Iraqi government forces have established security over the northern city of Kirkuk after pushing out Kurdish militants.
Police called on the residents who had fled in their thousands for fear of a potential armed confrontation to return, as it said the situation was stable.
The city is now under a night-time curfew.
Iraq’s Alforat news agency also said army forces were now in control of all of the city’s government buildings, state-owned North Oil and North Gas Companies, the Kirkuk International Airport, and K-1 Airbase.
Kurdish forces have been holding parts of Iraqi territory since 2014, when Daesh began an offensive across Iraq and the Kurds began fighting it and overrunning territory in the process.
The Baghdad government has long insisted that the Kurds pull out of the territories they had overrun. The Kurdish militants have refused. But since a controversial referendum on secession in Iraqi Kurdistan on September 25, the Iraqi government has lost patience, sending security forces to retake Kurdish-held areas.
Baghdad also ordered the Kurdistan region to swiftly hand over its border crossings and airports. The region refused and later sent thousands of Peshmerga and other militants to Kirkuk Province, which it has been claiming in its entirety for long.
Iraqi Prime Minister Haider al-Abadi has ordered that Iraqi national flags be hoisted on public building in all of Kirkuk’s neighborhoods.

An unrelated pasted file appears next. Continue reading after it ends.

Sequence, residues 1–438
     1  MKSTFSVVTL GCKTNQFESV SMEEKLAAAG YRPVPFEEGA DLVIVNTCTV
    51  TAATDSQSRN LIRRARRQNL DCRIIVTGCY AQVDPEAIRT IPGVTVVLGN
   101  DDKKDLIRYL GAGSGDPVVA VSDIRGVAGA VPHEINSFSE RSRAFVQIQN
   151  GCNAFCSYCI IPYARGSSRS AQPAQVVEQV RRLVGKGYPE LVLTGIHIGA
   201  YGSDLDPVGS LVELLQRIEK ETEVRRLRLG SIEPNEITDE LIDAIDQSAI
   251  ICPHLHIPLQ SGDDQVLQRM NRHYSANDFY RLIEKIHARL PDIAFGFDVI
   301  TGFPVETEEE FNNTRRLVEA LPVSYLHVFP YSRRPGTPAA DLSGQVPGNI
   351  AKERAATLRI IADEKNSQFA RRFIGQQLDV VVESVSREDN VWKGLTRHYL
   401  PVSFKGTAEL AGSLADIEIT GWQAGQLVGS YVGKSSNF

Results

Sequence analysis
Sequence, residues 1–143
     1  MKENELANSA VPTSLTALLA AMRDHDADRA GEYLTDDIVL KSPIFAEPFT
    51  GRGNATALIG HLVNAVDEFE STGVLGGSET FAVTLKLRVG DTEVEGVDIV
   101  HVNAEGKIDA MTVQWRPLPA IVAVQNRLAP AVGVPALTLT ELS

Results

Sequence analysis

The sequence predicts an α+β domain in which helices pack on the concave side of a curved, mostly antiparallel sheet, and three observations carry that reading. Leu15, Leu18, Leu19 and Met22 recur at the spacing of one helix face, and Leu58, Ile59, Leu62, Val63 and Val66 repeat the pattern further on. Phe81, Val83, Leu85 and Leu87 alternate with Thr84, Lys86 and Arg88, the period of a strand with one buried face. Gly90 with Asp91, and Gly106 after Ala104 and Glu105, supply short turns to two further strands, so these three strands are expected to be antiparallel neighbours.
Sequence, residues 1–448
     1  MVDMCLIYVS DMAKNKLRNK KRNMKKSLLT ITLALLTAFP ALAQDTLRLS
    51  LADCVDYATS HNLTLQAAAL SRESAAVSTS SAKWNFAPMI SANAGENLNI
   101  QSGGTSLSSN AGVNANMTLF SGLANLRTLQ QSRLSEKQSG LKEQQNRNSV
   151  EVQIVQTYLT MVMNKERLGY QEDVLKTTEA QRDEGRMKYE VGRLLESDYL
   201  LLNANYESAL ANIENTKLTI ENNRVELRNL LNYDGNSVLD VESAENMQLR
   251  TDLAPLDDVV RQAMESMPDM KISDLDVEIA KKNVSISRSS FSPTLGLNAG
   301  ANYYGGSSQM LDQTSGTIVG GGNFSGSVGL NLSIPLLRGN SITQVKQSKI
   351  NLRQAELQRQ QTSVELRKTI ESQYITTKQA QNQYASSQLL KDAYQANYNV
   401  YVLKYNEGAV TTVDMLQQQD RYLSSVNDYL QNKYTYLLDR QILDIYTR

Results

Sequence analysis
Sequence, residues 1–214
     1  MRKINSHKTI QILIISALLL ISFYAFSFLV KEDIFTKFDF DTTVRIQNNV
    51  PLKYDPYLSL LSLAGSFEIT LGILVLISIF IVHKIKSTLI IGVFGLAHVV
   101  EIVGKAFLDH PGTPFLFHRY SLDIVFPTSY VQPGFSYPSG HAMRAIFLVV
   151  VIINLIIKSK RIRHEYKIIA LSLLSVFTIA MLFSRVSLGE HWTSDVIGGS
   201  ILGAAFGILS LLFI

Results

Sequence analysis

Crowds on the streets of Kirkuk’s southern outskirts welcomed army forces as they entered the city.
The Peshmerga have called the takeover “a flagrant declaration of war” and vowed that Iraq will pay a “heavy price.”
Iraqi-backed forces take control of Sinjar, other towns
Meanwhile, Izadi fighters tied to Iraqi forces have reportedly taken control of the city of Sinjar in the Iraqi Nineveh Province following a pullout by Kurdish forces.
An Izadi group took control of all of Sinjar on Tuesday after the withdrawal a day earlier of Kurdish Peshmerga militants, Reuters reported, citing residents.
The Peshmerga militants also left the towns of Bashiqa and Bahzani in Nineveh.
Kurds clash with police in London
Separately, Kurdish separatists clashed with police in front of Iraq’s Embassy in London.
Iraq’s Foreign Ministry reacted by saying that the protesters had engaged in “criminal” activity and demanding that the UK investigate them.
‘Iran closes Kurdistan border crossing’
Following the referendum, Iraq demanded neighbors Iran and Turkey to close their respective borders with Kurdistan.
Iran closed its airspace with Iraqi Kurdistan at the time, and on Monday, Faramarz Akbari, the governor of the Iranian city of Qasr-e-Shirin, said Iran had since a day earlier temporarily closed its Parviz Khan Border Crossing in Kermanshah Province, which borders Iraqi Kurdistan.
He said it would likely remain closed until Iraqi security forces replace the Kurdish militants on the borders.
It was the first time an Iranian official was confirming the closure of a land border with Iraqi Kurdistan.